Opinion

Felix Salmon

Does Justice care if Goldman settles its SEC suit?

By Felix Salmon
April 30, 2010

Why did Goldman stock fall so far today? It’s pretty standard practice for SEC complaints to get forwarded over to Justice, so the news that Justice was looking at Goldman could hardly have come as all that much of a surprise to the market. But perhaps Justice isn’t looking at Abacus: if it’s looking at Timberwolf instead, then that’s a whole new can of worms for Goldman to deal with, and would help turn one bad deal into a fully-fledged pattern of criminal behavior.

So while Henry Blodget is right to say that the falling share price will increase the pressure on Goldman to settle with the SEC, I’m not sure he’s right when he says that “it could also ease the pressure on prosecutors to file criminal charges against the firm.” Now that Justice is looking at the firm, it’s going to make its own decisions — and if it files a criminal case against Goldman, that’s going to be devastating for the firm whether it has settled with the SEC or not.

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At least according to the Journal, the Justice investigation “is centered on different evidence than the SEC’s civil case,” which doesn’t necessarily mean a deal other than Abacus but kind of suggests it.

Posted by zseward | Report as abusive
 

I would think that given the popular outrage toward Wall St. generally, combined with the SEC’s bungled handling of the BoA/ML bonus settlement, neither agency would be eager to settle with Goldman (assuming DoJ eventually brings charges). The people want blood. How large would a settlement have to be for public opinion to consider it anything but a slap on the wrist and a return to business as usual? Losing would be embarrassing for the government, but might continuing to appear to be enabling naughty bank behavior be worse?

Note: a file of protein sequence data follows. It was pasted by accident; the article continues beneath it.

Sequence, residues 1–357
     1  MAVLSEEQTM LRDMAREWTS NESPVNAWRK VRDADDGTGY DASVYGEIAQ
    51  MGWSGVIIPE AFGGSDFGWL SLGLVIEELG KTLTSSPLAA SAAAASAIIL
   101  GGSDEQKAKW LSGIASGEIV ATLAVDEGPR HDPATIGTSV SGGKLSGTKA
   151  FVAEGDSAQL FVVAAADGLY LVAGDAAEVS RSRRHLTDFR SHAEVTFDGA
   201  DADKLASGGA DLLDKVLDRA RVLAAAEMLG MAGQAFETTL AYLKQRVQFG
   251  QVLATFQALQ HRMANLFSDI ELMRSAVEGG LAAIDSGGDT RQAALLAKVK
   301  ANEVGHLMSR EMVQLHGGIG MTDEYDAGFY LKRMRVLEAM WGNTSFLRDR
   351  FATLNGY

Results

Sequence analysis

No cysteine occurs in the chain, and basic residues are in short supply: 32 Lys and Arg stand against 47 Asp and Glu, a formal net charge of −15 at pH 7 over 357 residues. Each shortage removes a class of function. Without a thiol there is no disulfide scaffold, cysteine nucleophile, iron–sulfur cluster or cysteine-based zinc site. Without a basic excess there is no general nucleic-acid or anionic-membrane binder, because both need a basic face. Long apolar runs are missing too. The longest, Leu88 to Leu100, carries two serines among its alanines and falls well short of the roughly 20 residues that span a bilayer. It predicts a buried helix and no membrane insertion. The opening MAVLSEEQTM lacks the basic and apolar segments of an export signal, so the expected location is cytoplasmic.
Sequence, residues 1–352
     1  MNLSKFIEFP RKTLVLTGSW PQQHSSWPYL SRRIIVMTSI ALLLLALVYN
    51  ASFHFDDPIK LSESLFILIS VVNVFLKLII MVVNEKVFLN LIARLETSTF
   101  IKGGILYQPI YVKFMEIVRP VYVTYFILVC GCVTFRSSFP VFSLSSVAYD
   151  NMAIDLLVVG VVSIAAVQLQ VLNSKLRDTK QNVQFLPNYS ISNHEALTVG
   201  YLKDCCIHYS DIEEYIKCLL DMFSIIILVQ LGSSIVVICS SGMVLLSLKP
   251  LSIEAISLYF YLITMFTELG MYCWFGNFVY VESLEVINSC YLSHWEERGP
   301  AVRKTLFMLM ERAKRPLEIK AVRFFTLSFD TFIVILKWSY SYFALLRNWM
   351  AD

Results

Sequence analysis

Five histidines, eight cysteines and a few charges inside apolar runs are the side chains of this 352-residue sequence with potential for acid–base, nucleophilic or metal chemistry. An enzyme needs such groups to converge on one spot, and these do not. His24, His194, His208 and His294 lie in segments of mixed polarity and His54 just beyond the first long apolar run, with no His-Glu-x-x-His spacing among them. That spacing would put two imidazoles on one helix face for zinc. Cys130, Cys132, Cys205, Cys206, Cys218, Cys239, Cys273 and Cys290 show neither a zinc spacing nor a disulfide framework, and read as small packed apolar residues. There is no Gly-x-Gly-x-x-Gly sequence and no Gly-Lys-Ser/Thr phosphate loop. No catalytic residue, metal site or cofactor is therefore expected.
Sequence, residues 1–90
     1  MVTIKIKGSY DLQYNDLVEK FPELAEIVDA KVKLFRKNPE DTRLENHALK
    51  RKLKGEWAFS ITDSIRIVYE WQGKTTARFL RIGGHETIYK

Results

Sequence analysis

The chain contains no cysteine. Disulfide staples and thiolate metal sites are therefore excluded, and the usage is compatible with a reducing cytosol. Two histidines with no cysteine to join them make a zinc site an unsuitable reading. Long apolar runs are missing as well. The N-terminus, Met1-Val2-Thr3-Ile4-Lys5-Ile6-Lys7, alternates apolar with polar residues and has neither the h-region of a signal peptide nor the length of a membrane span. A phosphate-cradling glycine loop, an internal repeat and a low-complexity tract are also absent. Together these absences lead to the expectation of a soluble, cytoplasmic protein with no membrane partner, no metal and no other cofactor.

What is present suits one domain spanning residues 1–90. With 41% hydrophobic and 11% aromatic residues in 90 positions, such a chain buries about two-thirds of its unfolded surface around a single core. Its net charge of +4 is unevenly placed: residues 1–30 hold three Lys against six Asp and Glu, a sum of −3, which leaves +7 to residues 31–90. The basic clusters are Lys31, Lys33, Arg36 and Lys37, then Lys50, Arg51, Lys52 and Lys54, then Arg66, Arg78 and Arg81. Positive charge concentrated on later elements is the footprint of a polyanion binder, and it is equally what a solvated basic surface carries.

Posted by cdudko | Report as abusive
 

I’ll tell you what would be political – a premature settlement would be both politically depressing and depressingly political.

Notorious crooks buying their way out of legal trouble is always political. Subsidizing AIG to pay out bad bets it made with Goldman was political. Larry Summers, Geithner and Gillibrand’s attempts to undermine, dilute and then suffocate Blanche Lincoln’s regulatory model are sickeningly political. Paralytic bipartisan inability to reinstate Glass-Steagall is political…

But investigating opaque situations rife with criminal opportunity is not.

Justice could be looking at High-Frequency Trading, Abacus, the Wolves or any other of Goldman’s clutch of exploits with names reeking of nostalgia for crimes of corporatism enabled by the Waffen-SS. I trust Justice to look into all of these, investigating as relentlessly and impartially as they ought. And about time, too.

Blodget meanwhile is mistaken in attributing political motivation to routine criminal investigations which are by nature apolitical. At least until escalated for emasculation to the bodgers squatting on today’s Supreme Court whose recent collective dicta reveal them as lamentably political.

Posted by HBC | Report as abusive
 

After Buffett’s depressing proclamation that Goldman is the very embodiment of moral rectitude, and the revelation that he is in the process of arranging the nuptials of one of his granddaughters to Fabrice Tourre, all hope for fairness seems lost.

Lucas van Praag must be fuming, having lost a cushy job to an eighty-year-old from Omaha.

Posted by DanHess | Report as abusive
 

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